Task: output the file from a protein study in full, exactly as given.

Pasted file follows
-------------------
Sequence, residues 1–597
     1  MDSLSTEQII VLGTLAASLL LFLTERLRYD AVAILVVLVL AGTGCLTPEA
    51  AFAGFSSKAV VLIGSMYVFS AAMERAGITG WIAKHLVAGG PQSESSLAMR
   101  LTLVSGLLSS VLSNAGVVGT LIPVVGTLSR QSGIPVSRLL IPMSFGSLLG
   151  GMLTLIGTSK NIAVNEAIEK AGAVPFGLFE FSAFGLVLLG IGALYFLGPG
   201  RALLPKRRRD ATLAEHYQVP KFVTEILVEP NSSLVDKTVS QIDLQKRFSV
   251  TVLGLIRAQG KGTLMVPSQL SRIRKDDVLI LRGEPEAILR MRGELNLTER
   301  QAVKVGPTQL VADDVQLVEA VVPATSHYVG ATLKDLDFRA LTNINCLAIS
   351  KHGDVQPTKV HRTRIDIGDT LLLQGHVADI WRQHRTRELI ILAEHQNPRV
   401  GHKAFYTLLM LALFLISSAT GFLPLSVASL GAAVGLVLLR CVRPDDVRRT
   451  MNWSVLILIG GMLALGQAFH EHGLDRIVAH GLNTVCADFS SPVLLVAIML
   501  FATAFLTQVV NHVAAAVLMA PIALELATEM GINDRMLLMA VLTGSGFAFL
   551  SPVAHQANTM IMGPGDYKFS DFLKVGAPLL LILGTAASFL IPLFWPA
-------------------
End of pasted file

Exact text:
Sequence, residues 1–597
     1  MDSLSTEQII VLGTLAASLL LFLTERLRYD AVAILVVLVL AGTGCLTPEA
    51  AFAGFSSKAV VLIGSMYVFS AAMERAGITG WIAKHLVAGG PQSESSLAMR
   101  LTLVSGLLSS VLSNAGVVGT LIPVVGTLSR QSGIPVSRLL IPMSFGSLLG
   151  GMLTLIGTSK NIAVNEAIEK AGAVPFGLFE FSAFGLVLLG IGALYFLGPG
   201  RALLPKRRRD ATLAEHYQVP KFVTEILVEP NSSLVDKTVS QIDLQKRFSV
   251  TVLGLIRAQG KGTLMVPSQL SRIRKDDVLI LRGEPEAILR MRGELNLTER
   301  QAVKVGPTQL VADDVQLVEA VVPATSHYVG ATLKDLDFRA LTNINCLAIS
   351  KHGDVQPTKV HRTRIDIGDT LLLQGHVADI WRQHRTRELI ILAEHQNPRV
   401  GHKAFYTLLM LALFLISSAT GFLPLSVASL GAAVGLVLLR CVRPDDVRRT
   451  MNWSVLILIG GMLALGQAFH EHGLDRIVAH GLNTVCADFS SPVLLVAIML
   501  FATAFLTQVV NHVAAAVLMA PIALELATEM GINDRMLLMA VLTGSGFAFL
   551  SPVAHQANTM IMGPGDYKFS DFLKVGAPLL LILGTAASFL IPLFWPA